reviewing goals

The View from the Top

photo shows a city skyline from the perspective of a rooftop viewfinder

In movies and popular media, there are certain images associated with investors. One of the character tropes is the well-to-do friend racing around in their fancy sports car.

Picture it with us. The car, bright and shiny, has a vanity license plate: it notes the ticker symbol for the holding that made them rich. If the story gives away any more information, it’s that the friend benefitted from a hot tip about a tiny tech company on the brink of striking it big.

Outside of Hollywood, it’s true that some of the most successful investors have done something like this. They happened upon that one hot investment that more than made up for all the mediocre ones. (The bad ones, too, for that matter.) They happened to get in, early.

Clients, we’re seeing newer industries with many possible pathways to growth over the next 7, 14, and 21 years. It’s exciting, but within each of these sectors, there might be dozens of public companies vying to become the next big thing. They all want their ticker on the license plate. The problem is, there is no way to tell—in the moment—which single company it will be.

If a growing industry is going to prove to be important, there’s no harm in waiting for the field to narrow. Time will tell, and so will experience, performance, management, debt, and competition. The companies that aren’t built to last? They’ll be winnowed out soon enough.

The car, the license plate, those aren’t the goal: we believe in investing because it’s getting a piece of the action. It’s providing capital to endeavors we can get behind.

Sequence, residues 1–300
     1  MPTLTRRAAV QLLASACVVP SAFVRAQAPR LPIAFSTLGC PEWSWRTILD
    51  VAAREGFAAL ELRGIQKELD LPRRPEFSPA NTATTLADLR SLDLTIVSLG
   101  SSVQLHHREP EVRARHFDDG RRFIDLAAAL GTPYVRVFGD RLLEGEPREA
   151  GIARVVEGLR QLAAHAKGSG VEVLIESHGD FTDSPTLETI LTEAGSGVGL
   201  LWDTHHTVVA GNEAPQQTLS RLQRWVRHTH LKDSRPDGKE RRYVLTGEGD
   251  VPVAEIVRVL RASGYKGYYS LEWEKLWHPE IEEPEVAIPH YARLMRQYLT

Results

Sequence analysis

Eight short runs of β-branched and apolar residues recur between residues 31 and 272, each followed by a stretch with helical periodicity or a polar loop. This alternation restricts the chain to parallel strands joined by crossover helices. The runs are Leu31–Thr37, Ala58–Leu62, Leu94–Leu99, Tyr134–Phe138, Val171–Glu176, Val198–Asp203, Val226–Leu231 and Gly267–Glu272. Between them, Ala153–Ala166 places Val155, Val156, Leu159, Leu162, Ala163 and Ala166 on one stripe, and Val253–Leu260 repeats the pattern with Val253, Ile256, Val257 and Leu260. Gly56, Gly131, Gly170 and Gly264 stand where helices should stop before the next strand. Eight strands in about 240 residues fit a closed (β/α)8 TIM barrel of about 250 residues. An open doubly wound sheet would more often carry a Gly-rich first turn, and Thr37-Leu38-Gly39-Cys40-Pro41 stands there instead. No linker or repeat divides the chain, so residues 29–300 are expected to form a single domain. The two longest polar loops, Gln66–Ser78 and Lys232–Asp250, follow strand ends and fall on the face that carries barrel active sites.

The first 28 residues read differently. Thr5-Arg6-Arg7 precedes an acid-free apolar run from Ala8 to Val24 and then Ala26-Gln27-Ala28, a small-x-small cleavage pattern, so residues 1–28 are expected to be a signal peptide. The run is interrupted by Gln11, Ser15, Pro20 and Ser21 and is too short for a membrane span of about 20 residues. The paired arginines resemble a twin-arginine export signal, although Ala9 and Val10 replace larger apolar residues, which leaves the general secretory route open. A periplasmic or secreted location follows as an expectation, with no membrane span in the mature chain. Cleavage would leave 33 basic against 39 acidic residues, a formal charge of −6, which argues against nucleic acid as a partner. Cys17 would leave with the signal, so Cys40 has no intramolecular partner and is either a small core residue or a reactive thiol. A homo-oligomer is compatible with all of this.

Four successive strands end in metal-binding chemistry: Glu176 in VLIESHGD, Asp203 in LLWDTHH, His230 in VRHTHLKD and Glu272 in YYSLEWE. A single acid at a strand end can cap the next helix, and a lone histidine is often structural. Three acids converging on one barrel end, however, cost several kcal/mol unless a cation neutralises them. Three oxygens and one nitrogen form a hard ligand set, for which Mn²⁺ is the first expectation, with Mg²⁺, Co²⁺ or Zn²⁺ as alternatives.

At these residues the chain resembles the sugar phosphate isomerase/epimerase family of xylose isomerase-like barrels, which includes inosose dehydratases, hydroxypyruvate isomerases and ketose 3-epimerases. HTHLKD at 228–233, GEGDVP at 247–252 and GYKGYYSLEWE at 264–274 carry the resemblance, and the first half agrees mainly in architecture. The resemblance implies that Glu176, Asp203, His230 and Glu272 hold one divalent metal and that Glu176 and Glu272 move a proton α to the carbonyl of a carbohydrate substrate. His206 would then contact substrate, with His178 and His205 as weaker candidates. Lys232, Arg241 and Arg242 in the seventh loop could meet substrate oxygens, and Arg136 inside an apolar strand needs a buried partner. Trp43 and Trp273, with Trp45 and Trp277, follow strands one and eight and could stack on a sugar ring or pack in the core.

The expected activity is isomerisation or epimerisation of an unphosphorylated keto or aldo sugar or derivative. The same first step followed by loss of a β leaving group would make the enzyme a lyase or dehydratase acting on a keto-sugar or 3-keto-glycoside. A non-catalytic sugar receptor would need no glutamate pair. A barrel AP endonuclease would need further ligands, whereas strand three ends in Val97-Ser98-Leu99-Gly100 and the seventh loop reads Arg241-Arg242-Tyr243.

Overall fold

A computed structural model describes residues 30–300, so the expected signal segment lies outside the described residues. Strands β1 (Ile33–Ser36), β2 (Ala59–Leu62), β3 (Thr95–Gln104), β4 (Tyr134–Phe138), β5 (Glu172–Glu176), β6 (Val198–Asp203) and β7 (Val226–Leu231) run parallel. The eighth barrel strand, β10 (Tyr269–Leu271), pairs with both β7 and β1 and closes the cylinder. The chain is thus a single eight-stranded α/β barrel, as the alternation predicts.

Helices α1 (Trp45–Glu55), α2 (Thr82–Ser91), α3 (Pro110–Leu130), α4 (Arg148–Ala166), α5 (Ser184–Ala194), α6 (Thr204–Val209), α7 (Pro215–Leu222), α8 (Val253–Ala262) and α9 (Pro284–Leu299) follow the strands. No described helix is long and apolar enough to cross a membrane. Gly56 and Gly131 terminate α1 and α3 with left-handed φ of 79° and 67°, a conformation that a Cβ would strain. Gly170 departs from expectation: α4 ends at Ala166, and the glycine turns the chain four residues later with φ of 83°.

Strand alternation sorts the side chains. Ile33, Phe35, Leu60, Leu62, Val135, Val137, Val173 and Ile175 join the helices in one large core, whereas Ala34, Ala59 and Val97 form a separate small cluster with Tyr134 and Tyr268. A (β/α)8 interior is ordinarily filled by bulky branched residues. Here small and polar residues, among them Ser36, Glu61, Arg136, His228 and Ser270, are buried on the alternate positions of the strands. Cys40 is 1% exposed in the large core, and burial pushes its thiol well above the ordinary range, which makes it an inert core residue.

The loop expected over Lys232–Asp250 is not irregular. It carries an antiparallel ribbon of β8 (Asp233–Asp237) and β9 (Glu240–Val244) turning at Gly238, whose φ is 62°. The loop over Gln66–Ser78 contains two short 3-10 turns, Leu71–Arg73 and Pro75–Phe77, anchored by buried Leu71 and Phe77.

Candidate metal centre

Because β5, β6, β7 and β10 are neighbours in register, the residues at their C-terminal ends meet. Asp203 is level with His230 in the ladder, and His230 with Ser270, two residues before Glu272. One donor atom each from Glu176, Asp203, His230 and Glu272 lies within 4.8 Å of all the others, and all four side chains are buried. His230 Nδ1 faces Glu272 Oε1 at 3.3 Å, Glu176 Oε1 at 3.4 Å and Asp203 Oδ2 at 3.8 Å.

So while getting in on the ground floor sounds enticing, there’s no promise that the building will ever be built—and it’s hard to beat the view from the top.


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A Carousel of Goals

photo shows a colorful carousel ride of horses

Many of us have ridden on a merry-go-round, a carousel, at one time or another, haven’t we? In my earliest childhood memory, I regretted that I could only ride one of the colorful horses at a time. I knew which one I wanted first, but then there were others that I seemed to need a turn with. My folks arranged another ride, then another, so I could try a variety of them.

Life is like that, too. We tend to be consumed by different goals or interests at different times, even while others strive for our attention.

I spent a dozen years from age 40 on establishing the business at 228 Main; commerce was the theme of that chapter. Before that, my children received more time and energy. After that, a decade of snowbirding to Florida taught me to balance business with pursuits normally reserved for the retired. Family health issues then became the dominant concern.

Now, at an age when many are climbing on the retirement horse, I’m back on the business horse. Some of my contemporaries are spending more time in warmer places in winter, while I just sold my Florida home. It’s like I’m doing things backward, but don’t we all pick different seats on the carousel? Different preferences?

I wonder whether this is the latest manifestation of my contrarian nature, that approaching age 65 I am committing, more than ever, to my work and business. Or is this just a piece of a very old pattern, my intent to work to age 92?